University of Erlangen-Nuremberg, Karlheinz Brandenburg began working on digital music compression in the early 1980s, focusing on how people perceive music. He completed his doctoral work in 1989 and became an assistant professor at Erlangen-Nuremberg. While there, he continued to work on music compression with scientists at the Fraunhofer Society (in 1993 he joined the staff of the Fraunhofer Institute).[15]
In 1991 there were two proposals available: Musicam and ASPEC - (Short excerpt on German Wikipedia) (Adaptive Spectral Perceptual Entropy Coding). The Musicam technique, as proposed by Philips (The Netherlands), CCETT (France) and Institut für Rundfunktechnik (Germany) was chosen due to its simplicity and error robustness, as well as its low computational power associated with the encoding of high quality compressed audio.[16] The Musicam format, based on sub-band coding, was the basis of the MPEG Audio compression format (sampling rates, structure of frames, headers, number of samples per frame). Much of its technology and ideas were incorporated into the definition of ISO MPEG Audio Layer I and Layer II and the filter bank alone into Layer III (MP3) format as part of the computationally inefficient hybrid filter bank. Under the chairmanship of Professor Musmann (University of Hannover) the editing of the standard was made under the responsibilities of Leon van de Kerkhof (Layer I) and Gerhard Stoll (Layer II).
A
working group consisting of Leon van de Kerkhof (The Netherlands), Gerhard Stoll (Germany), Leonardo Chiariglione (Italy), Yves-François Dehery (France), Karlheinz Brandenburg (Germany) and James D. Johnston (USA) took ideas from ASPEC, integrated the filter bank from Layer 2, added some of their own ideas and created MP3, which was designed to achieve the same quality at 128 kbit/s as MP2 at 192 kbit/s.
All algorithms were approved in 1991 and finalized in 1992 as part of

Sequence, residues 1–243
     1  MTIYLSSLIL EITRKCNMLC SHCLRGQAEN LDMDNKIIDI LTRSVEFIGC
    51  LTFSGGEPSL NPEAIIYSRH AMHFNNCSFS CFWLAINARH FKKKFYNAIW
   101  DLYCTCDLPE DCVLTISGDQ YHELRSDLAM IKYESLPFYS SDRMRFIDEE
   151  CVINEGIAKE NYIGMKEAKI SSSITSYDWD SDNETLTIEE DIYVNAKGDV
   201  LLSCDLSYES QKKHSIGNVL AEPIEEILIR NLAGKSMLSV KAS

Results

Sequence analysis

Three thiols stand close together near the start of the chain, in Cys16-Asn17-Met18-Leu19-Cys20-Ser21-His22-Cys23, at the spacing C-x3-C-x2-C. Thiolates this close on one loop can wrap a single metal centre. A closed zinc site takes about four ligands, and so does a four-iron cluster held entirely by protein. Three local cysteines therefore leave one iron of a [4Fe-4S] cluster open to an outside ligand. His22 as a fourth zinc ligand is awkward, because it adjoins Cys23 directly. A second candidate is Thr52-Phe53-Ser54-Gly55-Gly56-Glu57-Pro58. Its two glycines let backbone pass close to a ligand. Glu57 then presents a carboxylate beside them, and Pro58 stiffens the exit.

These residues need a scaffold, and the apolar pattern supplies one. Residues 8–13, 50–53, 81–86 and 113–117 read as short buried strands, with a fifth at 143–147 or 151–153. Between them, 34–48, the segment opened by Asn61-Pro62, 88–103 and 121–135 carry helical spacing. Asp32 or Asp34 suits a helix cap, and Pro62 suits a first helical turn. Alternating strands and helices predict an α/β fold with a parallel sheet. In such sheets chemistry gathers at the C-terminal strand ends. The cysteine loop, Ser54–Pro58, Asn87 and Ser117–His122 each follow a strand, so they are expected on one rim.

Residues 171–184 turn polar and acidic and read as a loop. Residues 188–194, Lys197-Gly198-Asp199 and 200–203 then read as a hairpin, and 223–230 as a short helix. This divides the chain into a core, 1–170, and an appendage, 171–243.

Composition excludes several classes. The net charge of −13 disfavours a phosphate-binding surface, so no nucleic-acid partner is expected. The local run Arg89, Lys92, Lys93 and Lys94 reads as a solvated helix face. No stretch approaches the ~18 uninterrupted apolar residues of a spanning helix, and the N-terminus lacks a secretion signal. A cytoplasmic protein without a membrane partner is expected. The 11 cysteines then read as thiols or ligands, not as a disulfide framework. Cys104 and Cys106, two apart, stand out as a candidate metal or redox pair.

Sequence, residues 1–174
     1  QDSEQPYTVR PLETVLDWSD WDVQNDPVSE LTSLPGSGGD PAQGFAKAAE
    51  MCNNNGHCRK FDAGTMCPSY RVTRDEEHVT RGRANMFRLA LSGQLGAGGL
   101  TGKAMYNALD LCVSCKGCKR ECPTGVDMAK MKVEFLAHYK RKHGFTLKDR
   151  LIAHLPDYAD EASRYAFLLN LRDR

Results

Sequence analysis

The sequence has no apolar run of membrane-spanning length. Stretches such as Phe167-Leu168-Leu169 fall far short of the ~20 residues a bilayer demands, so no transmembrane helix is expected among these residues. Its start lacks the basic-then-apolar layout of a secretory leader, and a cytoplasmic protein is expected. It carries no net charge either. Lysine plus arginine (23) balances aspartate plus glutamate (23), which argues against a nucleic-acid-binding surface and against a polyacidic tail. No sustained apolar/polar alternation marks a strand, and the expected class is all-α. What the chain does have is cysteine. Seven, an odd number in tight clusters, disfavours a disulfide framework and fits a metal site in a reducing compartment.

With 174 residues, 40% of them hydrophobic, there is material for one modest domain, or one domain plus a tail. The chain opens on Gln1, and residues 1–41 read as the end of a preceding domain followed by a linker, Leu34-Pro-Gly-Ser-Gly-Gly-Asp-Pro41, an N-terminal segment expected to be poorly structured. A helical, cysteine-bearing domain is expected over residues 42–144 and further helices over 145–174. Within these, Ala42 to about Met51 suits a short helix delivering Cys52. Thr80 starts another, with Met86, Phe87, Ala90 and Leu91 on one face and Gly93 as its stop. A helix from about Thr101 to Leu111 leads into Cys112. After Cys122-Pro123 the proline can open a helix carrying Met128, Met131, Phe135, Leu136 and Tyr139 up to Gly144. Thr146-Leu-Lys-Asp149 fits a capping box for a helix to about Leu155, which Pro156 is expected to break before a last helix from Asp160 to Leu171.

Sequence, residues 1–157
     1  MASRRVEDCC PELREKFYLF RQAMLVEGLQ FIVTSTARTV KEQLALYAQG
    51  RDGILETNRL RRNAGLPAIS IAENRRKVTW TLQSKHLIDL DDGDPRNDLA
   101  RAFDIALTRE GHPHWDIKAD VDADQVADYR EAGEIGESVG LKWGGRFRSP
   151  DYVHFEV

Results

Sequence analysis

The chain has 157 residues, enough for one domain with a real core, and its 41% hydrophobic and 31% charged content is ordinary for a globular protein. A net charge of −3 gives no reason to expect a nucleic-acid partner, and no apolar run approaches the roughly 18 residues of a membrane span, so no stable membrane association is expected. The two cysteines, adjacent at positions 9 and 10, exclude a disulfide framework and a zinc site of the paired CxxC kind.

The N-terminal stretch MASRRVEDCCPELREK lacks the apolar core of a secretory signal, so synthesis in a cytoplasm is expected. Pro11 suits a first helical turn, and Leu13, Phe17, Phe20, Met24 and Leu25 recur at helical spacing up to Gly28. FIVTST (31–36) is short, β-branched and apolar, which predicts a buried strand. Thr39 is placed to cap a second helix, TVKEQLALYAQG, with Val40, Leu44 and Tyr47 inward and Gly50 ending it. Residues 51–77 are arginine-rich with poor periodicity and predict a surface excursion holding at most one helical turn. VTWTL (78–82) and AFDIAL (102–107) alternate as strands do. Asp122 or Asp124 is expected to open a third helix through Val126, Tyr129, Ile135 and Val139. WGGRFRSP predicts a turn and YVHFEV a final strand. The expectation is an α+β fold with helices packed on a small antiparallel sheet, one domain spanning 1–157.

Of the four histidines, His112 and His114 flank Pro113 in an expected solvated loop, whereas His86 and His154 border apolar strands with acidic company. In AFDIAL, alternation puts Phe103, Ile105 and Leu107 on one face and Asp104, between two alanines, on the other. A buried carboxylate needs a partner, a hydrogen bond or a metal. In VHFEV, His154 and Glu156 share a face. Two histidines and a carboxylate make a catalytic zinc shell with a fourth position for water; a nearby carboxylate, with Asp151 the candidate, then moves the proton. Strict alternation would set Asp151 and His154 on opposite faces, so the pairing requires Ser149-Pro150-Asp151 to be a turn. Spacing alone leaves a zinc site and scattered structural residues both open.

MPEG-1, the first standard suite by MPEG, which resulted in the international standard ISO/IEC 11172-3, published in 1993. Further work on MPEG audio was finalized in 1994 as part of the second suite of MPEG standards, MPEG-2, more formally known as international standard ISO/IEC 13818-3, originally published in 1995.[6]
Compression efficiency of encoders is typically defined by the bit rate, because compression ratio depends on the bit depth and sampling rate of the input signal. Nevertheless, compression ratios are often published. They may use the CD parameters as references (44.1 kHz, 2 channels at 16 bits per channel or 2×16 bit), or sometimes the Digital Audio Tape (DAT) SP parameters (48 kHz, 2×16 bit). Compression ratios with this latter reference are higher, which demonstrates the problem with use of the term compression ratio for lossy encoders.
Karlheinz Brandenburg used a CD recording of
Suzanne Vega's song "Tom's Diner" to assess and refine the MP3 compression algorithm.[citation needed] This song was chosen because of its nearly monophonic nature and wide spectral content, making it easier to hear imperfections in the compression format during playbacks. Some jokingly refer to Suzanne Vega as "The mother of MP3".[who?] Some more critical audio excerpts (glockenspiel, triangle, accordion, etc.) were taken from the EBU V3/SQAM reference compact disc and have been used by professional sound engineers to assess the subjective quality of the MPEG Audio formats. It is important to understand that Suzanne Vega is recorded in an interesting fashion that results in substantial difficulties that arise due to Binaural Masking Level Depression (BMLD) as discussed in Brian C. J. Moore's book on the Psychology of Human Hearing, for instance.[